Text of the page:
I have this impression, which I can’t substantiate with empirical data (other than the empirical data that I have this impression), that every online marketing ‘guru’ says that surveys are a great marketing tool.

The argument goes something like this:

  • people love completing surveys;
  • surveys are easy to whip up and there are tools online to make them easy to run;
  • you get a lot of information which you can re-cycle as a report, an article etc;
  • by publishing the results, say in a newsletter, you present yourself as an expert in your field
  • ergo, people are more inclined to buy your products or services.

Logical enough.

And when colleagues ask me to participate in their surveys I like to please.

But I do believe there are some courtesies to be observed, not least the acknowledgement that this request might just be a bit of an intrusion on someone’s working day.

In that vein, it bothers me to receive emails like the one I got a couple of weeks ago which purported to be asking me a ‘quick question’ about my business. The suggestion was that my responding would help a professional association to which I do not belong.

OK, I thought, this is a person who is respected by peers and is evidently very successful. So I read on and was asked to take a ‘couple of minutes’ to answer the ‘quick’ question, which was actually three questions:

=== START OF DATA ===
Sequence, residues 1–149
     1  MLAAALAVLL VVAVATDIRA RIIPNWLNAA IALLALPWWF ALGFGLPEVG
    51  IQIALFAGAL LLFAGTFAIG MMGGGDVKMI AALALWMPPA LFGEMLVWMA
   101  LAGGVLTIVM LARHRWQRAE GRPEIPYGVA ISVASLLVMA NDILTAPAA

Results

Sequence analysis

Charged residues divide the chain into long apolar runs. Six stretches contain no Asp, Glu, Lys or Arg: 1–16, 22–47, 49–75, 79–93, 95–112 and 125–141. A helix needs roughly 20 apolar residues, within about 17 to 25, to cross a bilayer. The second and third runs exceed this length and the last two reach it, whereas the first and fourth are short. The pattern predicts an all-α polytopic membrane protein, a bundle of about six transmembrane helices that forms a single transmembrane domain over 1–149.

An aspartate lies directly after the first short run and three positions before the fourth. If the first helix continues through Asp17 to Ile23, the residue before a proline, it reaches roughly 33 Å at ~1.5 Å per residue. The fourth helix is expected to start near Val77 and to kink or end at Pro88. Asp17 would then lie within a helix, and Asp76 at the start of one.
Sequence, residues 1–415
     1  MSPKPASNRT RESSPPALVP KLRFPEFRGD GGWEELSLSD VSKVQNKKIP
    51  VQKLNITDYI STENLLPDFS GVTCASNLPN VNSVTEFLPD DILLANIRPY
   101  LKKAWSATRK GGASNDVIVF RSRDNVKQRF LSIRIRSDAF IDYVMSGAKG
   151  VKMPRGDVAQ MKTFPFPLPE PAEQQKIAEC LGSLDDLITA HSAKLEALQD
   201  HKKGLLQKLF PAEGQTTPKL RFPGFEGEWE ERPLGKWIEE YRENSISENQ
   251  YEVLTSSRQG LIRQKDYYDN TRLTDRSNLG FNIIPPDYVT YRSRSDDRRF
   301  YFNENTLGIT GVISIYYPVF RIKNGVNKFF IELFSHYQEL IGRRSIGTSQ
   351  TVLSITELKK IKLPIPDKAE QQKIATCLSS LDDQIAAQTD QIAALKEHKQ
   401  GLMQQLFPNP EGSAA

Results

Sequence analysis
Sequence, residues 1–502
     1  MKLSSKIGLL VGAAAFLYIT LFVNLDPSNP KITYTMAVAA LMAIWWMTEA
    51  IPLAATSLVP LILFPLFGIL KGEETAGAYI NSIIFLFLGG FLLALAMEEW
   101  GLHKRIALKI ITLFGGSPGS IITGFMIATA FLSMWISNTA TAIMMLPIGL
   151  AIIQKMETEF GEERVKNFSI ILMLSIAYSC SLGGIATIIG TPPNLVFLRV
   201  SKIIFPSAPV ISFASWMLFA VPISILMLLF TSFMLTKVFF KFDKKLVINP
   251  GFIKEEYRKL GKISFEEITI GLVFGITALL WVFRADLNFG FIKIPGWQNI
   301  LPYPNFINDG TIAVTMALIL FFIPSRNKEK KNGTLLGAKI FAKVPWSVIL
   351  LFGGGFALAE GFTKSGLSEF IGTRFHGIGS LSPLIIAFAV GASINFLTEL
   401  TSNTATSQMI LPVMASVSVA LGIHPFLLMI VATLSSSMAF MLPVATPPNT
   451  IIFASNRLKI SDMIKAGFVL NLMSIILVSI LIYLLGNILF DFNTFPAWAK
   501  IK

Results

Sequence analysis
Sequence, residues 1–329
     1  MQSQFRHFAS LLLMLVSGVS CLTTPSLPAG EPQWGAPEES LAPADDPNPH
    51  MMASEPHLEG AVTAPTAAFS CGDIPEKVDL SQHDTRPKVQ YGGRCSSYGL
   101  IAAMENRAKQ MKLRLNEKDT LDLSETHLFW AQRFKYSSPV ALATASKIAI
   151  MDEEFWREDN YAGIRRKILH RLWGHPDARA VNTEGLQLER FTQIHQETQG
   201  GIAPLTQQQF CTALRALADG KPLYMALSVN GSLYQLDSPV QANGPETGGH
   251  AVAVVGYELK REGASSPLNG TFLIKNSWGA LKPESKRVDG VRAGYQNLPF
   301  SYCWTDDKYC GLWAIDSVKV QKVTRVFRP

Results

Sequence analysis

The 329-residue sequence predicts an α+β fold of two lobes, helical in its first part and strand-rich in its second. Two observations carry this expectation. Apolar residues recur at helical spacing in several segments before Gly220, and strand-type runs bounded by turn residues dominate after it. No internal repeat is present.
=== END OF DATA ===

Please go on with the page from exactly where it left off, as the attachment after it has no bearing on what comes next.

• where do you want to see your business in 12-36 months?
  • what do you feel are your three biggest obstacles to getting there?
  • what specifically could help you overcome these obstacles?

Apart from being intrigued by the fact that the email says nothing about the methodology, what will be done with the results, whether I will later get a report of the consolidated returns, etc etc, I was taken aback by the presumption that I could answer such complex questions in a ‘couple of minutes’.

The fact that, without any indication of confidentiality, I was being asked to share commercially sensitive information with people in the same line of business had presumably not occurred to the writer.

So I replied as courteously as I could and, while wishing the person well with the survey, said I did not see how I could answer those questions in a couple of minutes.

Am I surprised that I’ve not heard back? Not really. For a moment I thought I might get a response. After all, the email was addressed ‘Dear Des’ and signed off ‘Warmly’. But of course, that’s autoresponder setup step one . 

I’ve been thinking about doing some surveys to help me position some products and services better, so this experience is very timely.


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